"Anorexic Beauty," by Pulp - Ah, irony--how I love thee. Seriously, if you need a song that talks about the fucked-up concept of sexiness somehow being equivalent to skinniness, then just listen to this song.

"Arco Arena," by Cake - I am not generally a huge fan of listening to lyric-less music, but this instrumental track from Cake is really great, and I find myself humming it whenever I am bored. There's something really catchy here that works without any need for words to mess it up, and I appreciate that.
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Well, it's a...liberal interpretation.

Feb. 11th, 2009 | 09:52 am
location: The Library
mood: Ecstatic
music: The peaceful quiet...

For those of you about to cry, I am sorry. For those of you about to cheer, I am also a little sorry. What is this terrible, earth-shattering news? What am I about to reveal that is going to be so divisive, so amazing, that it may very rip the heavens asunder? Just this, dear reader:

Pride & Prejudice & Zombies

Yes. Let that soak in a bit. Click on the link--it's not a rickroll, don't worry. I am serious. Now you see how insane this is, how brilliant. Some mad genius decided that, "Hey, you know what? 'What?' We should rewrite Austen as a horror story! 'What?' Seriously! It would be rad! 'You know you're just talking to yourself, right?' Yeah, I know. 'Awesome! Let's do it!' Fuck yeah!" And so it was done. For those of you who love Austen, this could be the final straw--though I should note that the best of the zombie movies have had social commentary at their core, much like Austen's books. Try not to kill people in a bloody rage is all I'm saying.

I am no Austen fanatic, though I have enjoyed what I have read of her as well as the movies I have seen--and I bumped into this link, promptly laughing out loud in wonderment. Some highlights include: "it was easy to imagine Bennet and her four sisters as zombie slayers, trained since childhood in the deadly arts of Chinese kung fu, and Fitzwilliam Darcy as a promoter of the socially superior ninja skills of Japan." I don't know that easy actually describes it particularly well, though I don't know what other word could be used to discuss the creation of this idea--except genius, of course.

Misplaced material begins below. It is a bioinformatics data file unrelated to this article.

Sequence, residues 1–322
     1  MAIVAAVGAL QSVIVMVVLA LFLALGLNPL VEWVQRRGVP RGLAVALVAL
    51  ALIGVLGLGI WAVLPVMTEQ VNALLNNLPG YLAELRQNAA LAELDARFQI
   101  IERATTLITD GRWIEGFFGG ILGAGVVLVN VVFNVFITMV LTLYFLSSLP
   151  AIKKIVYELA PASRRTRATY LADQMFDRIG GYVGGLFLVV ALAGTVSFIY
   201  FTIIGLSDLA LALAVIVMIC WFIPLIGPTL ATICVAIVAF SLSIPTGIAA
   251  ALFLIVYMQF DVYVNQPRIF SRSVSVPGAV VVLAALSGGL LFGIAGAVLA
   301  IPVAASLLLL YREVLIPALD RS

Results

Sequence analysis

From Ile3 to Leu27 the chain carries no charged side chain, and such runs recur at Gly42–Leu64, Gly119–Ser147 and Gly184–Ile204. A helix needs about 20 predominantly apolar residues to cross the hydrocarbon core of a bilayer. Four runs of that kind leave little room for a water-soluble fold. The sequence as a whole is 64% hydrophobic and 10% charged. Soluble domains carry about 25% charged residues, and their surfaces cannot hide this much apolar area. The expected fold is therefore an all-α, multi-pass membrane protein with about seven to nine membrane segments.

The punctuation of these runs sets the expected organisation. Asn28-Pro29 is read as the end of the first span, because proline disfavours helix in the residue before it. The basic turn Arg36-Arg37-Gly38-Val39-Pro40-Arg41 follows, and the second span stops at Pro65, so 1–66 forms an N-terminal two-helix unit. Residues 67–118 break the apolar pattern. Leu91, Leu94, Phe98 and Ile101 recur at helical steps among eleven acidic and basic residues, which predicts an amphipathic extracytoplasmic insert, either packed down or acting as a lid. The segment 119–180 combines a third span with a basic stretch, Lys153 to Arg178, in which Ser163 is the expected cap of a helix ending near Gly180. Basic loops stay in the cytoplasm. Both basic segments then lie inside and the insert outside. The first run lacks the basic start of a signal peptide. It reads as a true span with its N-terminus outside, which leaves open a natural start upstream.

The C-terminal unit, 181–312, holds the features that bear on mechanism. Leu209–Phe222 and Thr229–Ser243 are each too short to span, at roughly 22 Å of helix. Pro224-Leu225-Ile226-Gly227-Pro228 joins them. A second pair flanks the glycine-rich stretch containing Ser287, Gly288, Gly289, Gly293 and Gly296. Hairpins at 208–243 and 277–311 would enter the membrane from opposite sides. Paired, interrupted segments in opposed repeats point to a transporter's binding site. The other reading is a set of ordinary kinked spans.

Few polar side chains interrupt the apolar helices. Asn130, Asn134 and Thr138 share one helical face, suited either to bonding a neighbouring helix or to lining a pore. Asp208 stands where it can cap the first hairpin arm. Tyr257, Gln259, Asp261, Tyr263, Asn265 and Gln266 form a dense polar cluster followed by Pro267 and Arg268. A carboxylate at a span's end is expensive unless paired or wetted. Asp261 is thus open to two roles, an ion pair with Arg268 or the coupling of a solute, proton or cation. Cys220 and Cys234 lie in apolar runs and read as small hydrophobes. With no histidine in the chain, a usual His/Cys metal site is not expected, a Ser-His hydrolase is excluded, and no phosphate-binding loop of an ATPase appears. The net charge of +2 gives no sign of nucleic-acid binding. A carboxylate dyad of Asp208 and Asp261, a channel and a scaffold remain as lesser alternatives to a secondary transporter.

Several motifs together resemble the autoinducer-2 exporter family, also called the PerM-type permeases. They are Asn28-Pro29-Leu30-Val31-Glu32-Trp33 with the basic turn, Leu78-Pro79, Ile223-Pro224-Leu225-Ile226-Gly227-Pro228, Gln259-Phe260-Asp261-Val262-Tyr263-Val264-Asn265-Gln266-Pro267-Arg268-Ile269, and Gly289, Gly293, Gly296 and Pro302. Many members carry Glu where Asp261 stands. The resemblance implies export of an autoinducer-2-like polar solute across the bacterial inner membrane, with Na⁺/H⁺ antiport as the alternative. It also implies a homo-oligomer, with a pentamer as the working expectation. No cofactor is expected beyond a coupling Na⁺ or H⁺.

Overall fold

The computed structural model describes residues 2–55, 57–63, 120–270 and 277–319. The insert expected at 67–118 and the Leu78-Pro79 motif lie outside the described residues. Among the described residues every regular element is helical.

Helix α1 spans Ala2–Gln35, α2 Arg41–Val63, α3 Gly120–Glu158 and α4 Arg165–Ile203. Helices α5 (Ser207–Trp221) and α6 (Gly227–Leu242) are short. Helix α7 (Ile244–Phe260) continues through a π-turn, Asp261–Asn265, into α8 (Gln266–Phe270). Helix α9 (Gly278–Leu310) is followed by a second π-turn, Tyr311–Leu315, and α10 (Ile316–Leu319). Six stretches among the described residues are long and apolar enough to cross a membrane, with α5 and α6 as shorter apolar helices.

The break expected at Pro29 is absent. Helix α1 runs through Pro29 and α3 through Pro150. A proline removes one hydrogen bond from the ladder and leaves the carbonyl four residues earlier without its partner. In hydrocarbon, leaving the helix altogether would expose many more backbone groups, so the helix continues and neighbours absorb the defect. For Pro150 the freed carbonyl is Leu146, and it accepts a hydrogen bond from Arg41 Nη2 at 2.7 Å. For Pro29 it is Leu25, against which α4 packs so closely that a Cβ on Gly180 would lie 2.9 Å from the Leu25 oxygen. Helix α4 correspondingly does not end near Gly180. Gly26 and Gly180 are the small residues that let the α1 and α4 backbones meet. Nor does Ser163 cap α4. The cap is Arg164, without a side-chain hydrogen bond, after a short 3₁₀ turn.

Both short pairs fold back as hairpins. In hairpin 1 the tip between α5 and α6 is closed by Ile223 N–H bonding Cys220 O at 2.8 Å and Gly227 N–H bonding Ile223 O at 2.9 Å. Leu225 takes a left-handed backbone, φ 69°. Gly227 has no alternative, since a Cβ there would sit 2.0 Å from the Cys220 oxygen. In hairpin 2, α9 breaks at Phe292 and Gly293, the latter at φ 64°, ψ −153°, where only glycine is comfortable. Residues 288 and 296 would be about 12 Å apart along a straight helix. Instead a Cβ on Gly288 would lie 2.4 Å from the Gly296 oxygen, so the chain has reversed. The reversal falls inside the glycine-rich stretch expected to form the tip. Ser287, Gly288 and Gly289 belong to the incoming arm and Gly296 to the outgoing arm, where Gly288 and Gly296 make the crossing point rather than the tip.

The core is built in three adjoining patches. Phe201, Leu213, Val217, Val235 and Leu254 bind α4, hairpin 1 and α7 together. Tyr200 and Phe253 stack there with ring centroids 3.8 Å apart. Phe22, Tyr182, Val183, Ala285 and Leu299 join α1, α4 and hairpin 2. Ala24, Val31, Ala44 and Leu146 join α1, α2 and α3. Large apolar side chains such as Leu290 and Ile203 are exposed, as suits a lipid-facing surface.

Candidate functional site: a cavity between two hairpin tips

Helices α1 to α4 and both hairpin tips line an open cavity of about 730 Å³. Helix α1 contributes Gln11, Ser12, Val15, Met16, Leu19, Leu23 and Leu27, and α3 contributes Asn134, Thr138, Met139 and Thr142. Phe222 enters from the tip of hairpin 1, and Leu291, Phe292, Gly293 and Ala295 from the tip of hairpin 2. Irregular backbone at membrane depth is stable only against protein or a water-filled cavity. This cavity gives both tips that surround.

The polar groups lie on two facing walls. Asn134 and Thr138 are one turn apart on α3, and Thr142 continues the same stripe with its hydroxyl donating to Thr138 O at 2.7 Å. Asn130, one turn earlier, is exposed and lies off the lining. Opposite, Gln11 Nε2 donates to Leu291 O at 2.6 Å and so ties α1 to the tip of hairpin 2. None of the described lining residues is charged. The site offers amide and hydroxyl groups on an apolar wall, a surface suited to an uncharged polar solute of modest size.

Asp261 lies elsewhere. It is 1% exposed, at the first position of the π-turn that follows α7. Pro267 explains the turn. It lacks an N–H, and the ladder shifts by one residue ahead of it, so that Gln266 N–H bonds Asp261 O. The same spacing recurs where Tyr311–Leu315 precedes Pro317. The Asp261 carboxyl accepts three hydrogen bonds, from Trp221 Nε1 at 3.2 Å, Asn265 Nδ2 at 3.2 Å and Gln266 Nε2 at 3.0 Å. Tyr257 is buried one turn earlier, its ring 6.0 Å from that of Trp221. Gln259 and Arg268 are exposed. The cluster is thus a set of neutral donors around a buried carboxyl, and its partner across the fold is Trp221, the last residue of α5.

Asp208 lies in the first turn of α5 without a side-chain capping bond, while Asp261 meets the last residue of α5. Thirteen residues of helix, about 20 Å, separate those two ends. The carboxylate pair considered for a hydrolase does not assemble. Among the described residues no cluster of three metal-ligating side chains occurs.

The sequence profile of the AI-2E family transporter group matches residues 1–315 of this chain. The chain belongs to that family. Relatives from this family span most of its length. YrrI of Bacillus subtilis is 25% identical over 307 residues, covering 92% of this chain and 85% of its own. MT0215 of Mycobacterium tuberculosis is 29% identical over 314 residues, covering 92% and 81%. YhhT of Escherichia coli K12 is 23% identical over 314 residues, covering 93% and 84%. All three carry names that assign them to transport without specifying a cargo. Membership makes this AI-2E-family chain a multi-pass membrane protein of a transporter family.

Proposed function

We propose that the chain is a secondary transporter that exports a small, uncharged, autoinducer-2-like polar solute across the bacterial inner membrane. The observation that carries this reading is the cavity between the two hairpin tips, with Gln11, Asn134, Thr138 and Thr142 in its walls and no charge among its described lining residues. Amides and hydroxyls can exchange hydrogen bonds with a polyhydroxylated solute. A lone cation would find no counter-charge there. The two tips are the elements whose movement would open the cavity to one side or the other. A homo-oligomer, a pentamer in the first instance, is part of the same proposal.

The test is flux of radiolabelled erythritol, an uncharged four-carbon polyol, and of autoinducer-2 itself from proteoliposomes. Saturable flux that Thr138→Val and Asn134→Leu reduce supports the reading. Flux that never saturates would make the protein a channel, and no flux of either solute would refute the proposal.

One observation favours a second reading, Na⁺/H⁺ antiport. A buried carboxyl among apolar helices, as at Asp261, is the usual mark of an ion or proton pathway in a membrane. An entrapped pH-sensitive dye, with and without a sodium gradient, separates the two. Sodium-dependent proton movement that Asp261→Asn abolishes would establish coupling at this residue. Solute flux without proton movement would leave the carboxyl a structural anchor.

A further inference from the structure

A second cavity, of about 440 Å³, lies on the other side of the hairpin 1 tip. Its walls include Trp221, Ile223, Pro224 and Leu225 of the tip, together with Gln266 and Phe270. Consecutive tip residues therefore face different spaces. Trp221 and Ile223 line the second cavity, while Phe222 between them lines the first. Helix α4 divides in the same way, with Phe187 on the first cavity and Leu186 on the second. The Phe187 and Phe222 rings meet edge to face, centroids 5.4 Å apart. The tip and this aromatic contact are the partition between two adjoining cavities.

Now I have to read the book--thank god I have until April.

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...it returns.......SXSW!!!

Feb. 9th, 2009 | 02:47 pm
location: The Writing Center
mood: Excited
music: The Hum of the Computer

Yes, fellow travelers, South by Southwest Film Festival is coming again, and again I am going. This makes three years in a row--and they have been good experiences all. Some stuff to look forward to:

Jason Segal
Seth Rogan
Joe Dante

Yeah, I know they are all people. I will be hopefully blogging my thoughts about the movies as I see them. I might blog about people if I see them. If I see Jason Segal I might embarrass myself to get a picture with him. I will keep you in the loop.
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Coraline

Feb. 8th, 2009 | 12:58 pm
location: The Apartment
mood: Still Sleepy
music: Nightmare Before Christmas theme running through my head...

Children's movies are awesome. Wait, I have to amend that: children's movies CAN be awesome. Which basically makes them like everything else, I suppose. I just want to stipulate that I am not a hater when it comes to the idea of kid-centric film, I remain as much of a snob about that as everything else.

So, Coraline, then? It's pretty damn good. My girlfriend and I saw it in 3D last night, which is probably the best way to see it, despite the exorbitant costs of the 3D screenings. Unlike most 3D movies, it doesn't push on the "it's coming right out of the screen at us" thing, focusing more on depth--in fact, one of the most exciting parts of the movie, the extended tunnel moving away from the camera's POV, is totally about depth. Strangely, it reminded me of Vertigo's shots of the stairwell falling away from Jimmy Stewart. I wish I could show you guys the 3D version, but here's the trailer in case you haven't seen it yet.